The problems involved with getting enough people to serve on a jury were highlighted in a couple of recent trials. The Falklands is a small place and to some extent most of us know or know of each other, not to mention being related, which a great many of us are, thus making the finding of enough persons deemed to be far enough removed from the accused to make a fair trial possible a quite daunting undertaking. As things stand at the moment to be eligible for jury service you must be a registered voter, be not less than 18 but not over 65 and ordinarily resident in the Falklands for any period of five tears since obtaining the age of 13. If you look at the electoral register there are about 1573 persons on it which seems a fair few but once you start stripping away the over 65s, those who may not be able to serve due to ill health, religious beliefs, or are close to the defendant etc the number left drops rather dramatically.
The proposed Bill would seek to make the following eligible for jury service: those who are registered to vote (i.e. those with Falkland status), those who hold residence permits under section 16 of the Immigration Ordinance (about 100 persons) those who hold work permits under section 17 of the Immigration Ordinance and those who hold PRP under section 18 or 18AA of the Ordinance.
The effect would be to suddenly have a quite considerable amount of extra people to call on; including civilian contractors based at MPA, thus making the chances of obtaining what could be seen as an untainted jury much simpler. A concern was expressed about the levels of fluency in English that some work permit holders would have but we were satisfied with the explanation of the attorney general that these would be rejected at the selection stage by either the defence or prosecution lawyers. We agreed that the bill could be gazetted and go forward to the sitting of Legislative Assembly scheduled for August.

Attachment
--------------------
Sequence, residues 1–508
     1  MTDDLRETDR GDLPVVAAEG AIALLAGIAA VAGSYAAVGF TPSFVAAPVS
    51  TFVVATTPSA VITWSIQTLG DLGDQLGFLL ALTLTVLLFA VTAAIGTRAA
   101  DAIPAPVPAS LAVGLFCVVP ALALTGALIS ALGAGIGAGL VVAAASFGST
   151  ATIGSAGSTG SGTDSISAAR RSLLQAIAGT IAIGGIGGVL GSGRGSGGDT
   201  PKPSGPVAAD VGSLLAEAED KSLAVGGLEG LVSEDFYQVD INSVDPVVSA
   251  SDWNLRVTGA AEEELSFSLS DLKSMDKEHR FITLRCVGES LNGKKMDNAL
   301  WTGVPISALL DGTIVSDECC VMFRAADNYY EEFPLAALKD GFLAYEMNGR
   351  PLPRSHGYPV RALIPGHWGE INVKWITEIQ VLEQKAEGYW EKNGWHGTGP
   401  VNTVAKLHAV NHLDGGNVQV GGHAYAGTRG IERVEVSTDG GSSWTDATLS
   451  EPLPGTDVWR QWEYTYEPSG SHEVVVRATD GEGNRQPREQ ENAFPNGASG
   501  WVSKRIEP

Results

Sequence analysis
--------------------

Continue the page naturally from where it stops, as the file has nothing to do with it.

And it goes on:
A paper on the referendum for the single constituency was presented which sought approval for the publication of a rather splendidly named “referendum (single constituency Bill) Bill, its presentation to the August sitting of Legislative Assembly and also the approval of a budget for the referendum. Whilst we were content to allow the Bill to go forward to Legislative Assembly we instructed that the funding for the referendum should be found from within the departments existing budget. The Bill itself, is quite a wordy thing to my untrained eyes but basically lays out the mechanism for the referendum, covering such things as the question to be asked, voting arrangements, counting and counting staff etc. As I said the Bill will be gazetted so those who fancy a read can avail yourselves of it.
We were then presented with a paper that sought approval for a method of setting priorities and the mechanism for initiating training or studying for qualifications that would move people along the road towards being able to apply for posts presently held by contracted staff, for persons both within and outside the FIG.